I have signed up with Google Lively, another free virtual world, though rather limited in functionality at present. This is me in my "room" trying to work out whether it has applications for information literacy.

If you are a Google Lively user (the application can be downloaded free at you can enter the room below. The video streaming from Youtube (into the little TV) is "IC Girls" - a music video made in/about the Information Commons at Sheffield University.

Wednesday, July 16, 2008

NHS Education for Scotland Knowledge Services Group Information Literacy Framework

NHS Scotland NHS Education for Scotland Knowledge Services Group has produced an Information Literacy Framework to support the development of information literacy among healthcare staff, patients and carers. "The Framework is intended to support the development of improved, confident information-use among the workforce and general population of Scotland, envisioned by the Scottish Government in its action plan Better health, Better care."
A draft of the Framework is at
and comments are welcome via a discussion forum at
Photo by Sheila Webber: mailboxes, Port Julia, Australia, July 2008

Up Close and Personal

A one day conference Up Close and Personal: our changing roles in a digital learning age is held in Ormskirk, Uk, on 5 September 2008. The conference is organized by NoWAL (North West Academic Libraries) Cost is: NoWAL Members: £50; Others: £75. Keynote speakers are Tara Brabazon, Alison Mackenzie and Margaret Weaver. "The conference aims to explore the following strands in the context of role change and working differently: Innovative partnerships and relationships that are emerging to enhance e-learning support and experiences; The changing way that staff engage with their users for example via social software, web services, personalized learning, Library 2.0 and the implications for practice; New roles and skills emerging as a result of the implementation of technologies in the physical, and/or virtual learning environment; Skills development of our users in a digital world and the impact on our ways of working" More info at
Photo by Sheila Webber: Port Julia, Australia, July 2008

Tuesday, July 15, 2008

EnIL International School

The 2008 EnIL International School on Business Information Literacy has been announced. It takes place in Rome, Italy, 13-17 October 2008. Early registration (by 8 August) is 150 Euro, after that the registration fee is 200 Euro. Special registration fee: 30 EUR for participants from the following countries: Albania, Belarus, Bosnia and Herzegovina, Bulgaria, Croatia, Macedonia, Moldova, Montenegro, Romania, Serbia, Ukraine. Topics include: Approaches and frameworks to Information Literacy; Value of information; The scientific information universe; The business information universe; Tools for information access; Structure of scientific literature and scientific writing style. Teachers will be Information Literacy experts and representatives from the major suppliers of information services.
More information at
Photo by Sheila Webber: Great Keppel Island, June 2008

Monday, July 14, 2008

Information Literacy and the grim reaper

The CAVAL Reference Interest Group (CGRIG)is holding its 2008 seminar on 26th November, as usual in Melbourne, Australia. This year's theme is: Information Literacy: is the Grim Reaper knocking at the door?. In the morning there are a variety of perspectives on information literacy education, and in the afternoon a choice of three workshops: Managing your enthusiasm (covering issues such as burnout!); Getting under the Grim Reaper's Cloak: Scaffolding and assessing literature research skills across the years and Designing teaching spaces for Information Literacy.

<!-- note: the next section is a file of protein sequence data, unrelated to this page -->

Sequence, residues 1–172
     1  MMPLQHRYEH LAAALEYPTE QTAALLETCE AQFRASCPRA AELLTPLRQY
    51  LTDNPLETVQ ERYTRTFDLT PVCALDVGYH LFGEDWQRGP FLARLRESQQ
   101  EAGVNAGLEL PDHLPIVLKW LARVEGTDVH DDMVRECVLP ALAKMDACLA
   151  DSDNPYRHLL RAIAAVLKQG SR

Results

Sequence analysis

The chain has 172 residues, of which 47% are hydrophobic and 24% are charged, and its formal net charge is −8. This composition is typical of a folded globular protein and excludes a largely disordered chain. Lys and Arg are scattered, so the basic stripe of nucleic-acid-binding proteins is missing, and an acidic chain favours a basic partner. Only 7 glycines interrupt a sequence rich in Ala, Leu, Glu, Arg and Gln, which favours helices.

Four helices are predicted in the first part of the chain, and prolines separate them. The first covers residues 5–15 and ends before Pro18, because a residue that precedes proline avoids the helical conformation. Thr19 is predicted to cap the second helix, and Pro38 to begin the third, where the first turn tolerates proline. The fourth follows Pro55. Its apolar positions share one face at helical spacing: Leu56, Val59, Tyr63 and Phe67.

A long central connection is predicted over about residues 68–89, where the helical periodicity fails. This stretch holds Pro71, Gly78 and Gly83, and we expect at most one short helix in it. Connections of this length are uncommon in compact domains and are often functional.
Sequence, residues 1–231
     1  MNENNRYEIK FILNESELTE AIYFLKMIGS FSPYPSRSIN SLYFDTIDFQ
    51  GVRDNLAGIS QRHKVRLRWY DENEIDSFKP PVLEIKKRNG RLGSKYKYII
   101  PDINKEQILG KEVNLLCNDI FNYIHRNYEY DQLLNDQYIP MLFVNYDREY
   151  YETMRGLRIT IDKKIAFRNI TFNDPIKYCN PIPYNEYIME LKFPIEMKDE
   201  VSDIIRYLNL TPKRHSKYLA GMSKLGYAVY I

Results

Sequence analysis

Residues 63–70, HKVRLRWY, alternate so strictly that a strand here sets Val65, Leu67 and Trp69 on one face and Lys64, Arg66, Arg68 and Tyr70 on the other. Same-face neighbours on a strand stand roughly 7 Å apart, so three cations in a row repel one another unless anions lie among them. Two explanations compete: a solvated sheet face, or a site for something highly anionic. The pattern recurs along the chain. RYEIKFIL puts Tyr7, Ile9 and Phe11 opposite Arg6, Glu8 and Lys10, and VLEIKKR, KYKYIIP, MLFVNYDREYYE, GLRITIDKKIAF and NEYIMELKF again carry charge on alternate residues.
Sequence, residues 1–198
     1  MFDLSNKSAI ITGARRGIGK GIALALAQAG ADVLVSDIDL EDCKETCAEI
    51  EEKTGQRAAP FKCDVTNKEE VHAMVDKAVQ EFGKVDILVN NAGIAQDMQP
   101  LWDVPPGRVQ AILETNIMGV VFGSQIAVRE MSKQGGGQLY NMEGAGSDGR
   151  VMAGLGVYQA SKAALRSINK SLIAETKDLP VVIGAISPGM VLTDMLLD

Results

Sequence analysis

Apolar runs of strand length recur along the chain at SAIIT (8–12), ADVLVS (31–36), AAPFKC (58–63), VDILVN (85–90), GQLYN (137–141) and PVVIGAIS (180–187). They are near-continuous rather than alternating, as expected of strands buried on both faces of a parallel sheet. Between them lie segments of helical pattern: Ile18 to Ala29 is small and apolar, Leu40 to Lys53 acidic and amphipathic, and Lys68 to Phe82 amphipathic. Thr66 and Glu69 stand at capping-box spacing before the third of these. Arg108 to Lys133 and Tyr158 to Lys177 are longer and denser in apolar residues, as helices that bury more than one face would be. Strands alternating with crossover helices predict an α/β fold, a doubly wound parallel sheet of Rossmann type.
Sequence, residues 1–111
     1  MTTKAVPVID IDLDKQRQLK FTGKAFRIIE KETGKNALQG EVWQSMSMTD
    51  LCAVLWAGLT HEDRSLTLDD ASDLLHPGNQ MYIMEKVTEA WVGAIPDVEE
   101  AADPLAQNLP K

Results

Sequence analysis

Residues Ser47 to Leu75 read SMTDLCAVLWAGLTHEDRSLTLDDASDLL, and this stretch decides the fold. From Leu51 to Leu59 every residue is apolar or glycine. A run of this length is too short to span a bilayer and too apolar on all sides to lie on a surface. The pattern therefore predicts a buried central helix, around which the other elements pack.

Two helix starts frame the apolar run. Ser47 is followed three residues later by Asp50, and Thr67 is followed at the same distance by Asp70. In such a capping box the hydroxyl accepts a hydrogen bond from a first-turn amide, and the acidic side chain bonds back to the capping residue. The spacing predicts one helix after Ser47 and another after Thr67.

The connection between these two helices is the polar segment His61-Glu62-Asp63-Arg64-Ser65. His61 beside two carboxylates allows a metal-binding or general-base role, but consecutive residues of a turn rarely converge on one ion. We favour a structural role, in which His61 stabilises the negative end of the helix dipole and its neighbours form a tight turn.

Sounds good! For more info go to
If you follow the link to past events (on the right of the above page) and to events in 2007 etc. you will find powerpoints etc. from their past information literacy seminars and conferences.
Image is copyright Meredith Badger, who designs an attractive graphic for every CRIG annual event

Sunday, July 13, 2008

Information literacy in transition

I have been trying to catch up on other people's blogs ... there are some very useful posting on Moira Bent's. One of them is an article available for downloading free (you have to register - free - first).

Ben, M. (2008) "Information Literacy and the Transition from Secondary to Tertiary Education: Measuring Perceptions." Enhancing learning in the social sciences, 1 (1).
Abstract "How people perceive information literacy and how they think others perceive it can affect how they teach and learn. The transition from secondary to tertiary education offers opportunities to develop information literate students. Variations in perceptions of information literacy in schools and universities in the UK and New Zealand are being investigated using phenomenographic techniques. The research focuses on students studying Chemistry or English in their final two years at school and their first year at university, their teachers and library staff."
Photo by Sheila Webber: Hakone, Japan, 2005

Plagiarism video

I came across this video - evidently a project for students in the US. It made me smile ;-) "Why not to party and not to plagiarise" by Michael Mohamed, Sumit Patel and Matthew Elliott.

Friday, July 11, 2008

Proceedings of KWIL conference

The full text proceedings of the Konstanz Workshop on Information Literacy are now available free for download in pdf format. I did some blog reports on this when I spoke at the event last year. The list of papers is below.
Kohl-Frey, O. and Schmid-Ruhe, B. (Eds.) (2008) Advanced Users: Information Literacy and Customized Services: Konstanz Workshop on Information Literacy. Konstanz: University of Konstanz. (Bibliothek Aktuell; Sonderheft 17)